Degree Type

Dissertation

Date of Award

2013

Degree Name

Doctor of Philosophy

Department

Agronomy

First Advisor

Emily A. Heaton

Abstract

Climate change and a desire for oil independency have stimulated interest in dedicated biomass crops for domestic biofuels production. Miscanthus × giganteus Greef et Deu., an exceptionally productive crop in the Midwestern USA, exhibits many ideal biomass crop traits, notably sterility which decreases invasive potential. Although a labor intensive process, rhizome propagation is the most common method for vegetatively propagating M. × giganteus. Stem propagation, investigated here, alleviates many challenges associated with rhizome production. Utilizing 30 °C soil and the first five nodal stem segments increased M. × giganteus propagation rates 12 fold of reported rhizome multiplication rates. Stem propagated plants (SPs) were field–tested at three sites in Iowa. I found that established SPs and rhizome propagated plants (RPs) yielded similarly, and averaged 24.7 Mg ha-1, similar to other Midwestern trials. Previous work showed that first–year M. × giganteus exhibited poor winter survival. In contrast, I found very high (> 99 %) first winter survival for both SPs and RPs. However, establishment losses for RPs and SPs were very high: 40 times greater than first winter losses. Winter survival was high in Iowa trials, but plants remained green until a killing frost; this observation is blamed for poor winter survival in early M. × giganteus trials. Here, the anecdotal assertion that first–year M. × giganteus exhibits minimal leaf senescence in the first autumn was supported quantitatively by photosynthetic and leaf N measurements. At the end of the first season, M. × giganteus exhibited photosynthetic rates, photosystem II efficiencies and leaf N up to 4, 4 and 2.4 times greater, respectively, than third–year plants, indicating delayed senescence.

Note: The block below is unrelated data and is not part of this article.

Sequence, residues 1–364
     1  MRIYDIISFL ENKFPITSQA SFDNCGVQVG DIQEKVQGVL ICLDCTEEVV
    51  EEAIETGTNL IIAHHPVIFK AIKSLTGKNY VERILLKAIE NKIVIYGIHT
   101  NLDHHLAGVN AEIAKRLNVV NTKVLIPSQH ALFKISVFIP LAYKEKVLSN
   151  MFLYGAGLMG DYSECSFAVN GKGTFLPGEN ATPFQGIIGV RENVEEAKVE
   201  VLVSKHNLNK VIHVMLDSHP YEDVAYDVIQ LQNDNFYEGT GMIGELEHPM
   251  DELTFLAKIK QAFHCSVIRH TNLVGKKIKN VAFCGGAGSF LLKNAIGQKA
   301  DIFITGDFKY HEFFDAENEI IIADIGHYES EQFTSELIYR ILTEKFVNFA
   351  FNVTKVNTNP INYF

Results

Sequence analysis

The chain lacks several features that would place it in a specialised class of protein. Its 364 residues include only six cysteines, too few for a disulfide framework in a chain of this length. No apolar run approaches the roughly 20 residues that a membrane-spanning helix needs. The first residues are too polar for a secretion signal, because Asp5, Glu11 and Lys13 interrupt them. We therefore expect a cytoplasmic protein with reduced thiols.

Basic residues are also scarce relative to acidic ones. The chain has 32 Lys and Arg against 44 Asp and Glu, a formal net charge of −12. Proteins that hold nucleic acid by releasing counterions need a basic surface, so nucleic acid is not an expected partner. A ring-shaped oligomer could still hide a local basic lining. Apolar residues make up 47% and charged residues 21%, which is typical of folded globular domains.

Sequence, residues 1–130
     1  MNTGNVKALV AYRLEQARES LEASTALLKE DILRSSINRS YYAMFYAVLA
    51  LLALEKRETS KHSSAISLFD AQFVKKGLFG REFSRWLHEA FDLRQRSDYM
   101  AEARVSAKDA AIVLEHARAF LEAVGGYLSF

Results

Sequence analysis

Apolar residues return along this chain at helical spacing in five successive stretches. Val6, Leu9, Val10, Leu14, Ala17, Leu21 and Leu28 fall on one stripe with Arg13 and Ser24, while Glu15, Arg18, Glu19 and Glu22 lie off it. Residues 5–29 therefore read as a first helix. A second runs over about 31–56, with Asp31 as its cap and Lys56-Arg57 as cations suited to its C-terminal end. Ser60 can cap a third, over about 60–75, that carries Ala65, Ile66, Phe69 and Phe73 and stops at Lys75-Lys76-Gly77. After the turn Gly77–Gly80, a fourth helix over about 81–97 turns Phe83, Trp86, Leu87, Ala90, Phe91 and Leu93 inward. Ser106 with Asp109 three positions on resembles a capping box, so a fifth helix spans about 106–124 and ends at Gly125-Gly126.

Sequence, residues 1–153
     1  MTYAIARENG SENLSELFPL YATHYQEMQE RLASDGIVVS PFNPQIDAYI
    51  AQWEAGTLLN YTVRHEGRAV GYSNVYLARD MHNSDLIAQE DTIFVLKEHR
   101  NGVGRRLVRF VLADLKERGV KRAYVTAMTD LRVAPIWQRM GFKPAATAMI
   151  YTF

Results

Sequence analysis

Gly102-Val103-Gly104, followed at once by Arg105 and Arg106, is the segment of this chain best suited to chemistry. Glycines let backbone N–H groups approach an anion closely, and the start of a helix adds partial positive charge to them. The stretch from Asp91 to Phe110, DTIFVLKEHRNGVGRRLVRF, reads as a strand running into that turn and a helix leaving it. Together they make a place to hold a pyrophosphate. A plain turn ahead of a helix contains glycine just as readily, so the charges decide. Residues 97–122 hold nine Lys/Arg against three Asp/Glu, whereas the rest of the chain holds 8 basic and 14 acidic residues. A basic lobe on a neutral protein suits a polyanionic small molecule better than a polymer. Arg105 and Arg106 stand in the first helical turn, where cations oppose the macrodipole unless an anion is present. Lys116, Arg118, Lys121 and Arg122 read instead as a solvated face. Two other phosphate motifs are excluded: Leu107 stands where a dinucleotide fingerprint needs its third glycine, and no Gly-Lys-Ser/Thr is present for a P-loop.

Copyright Owner

Nicholas Boersma

Language

en

File Format

application/pdf

File Size

133 pages

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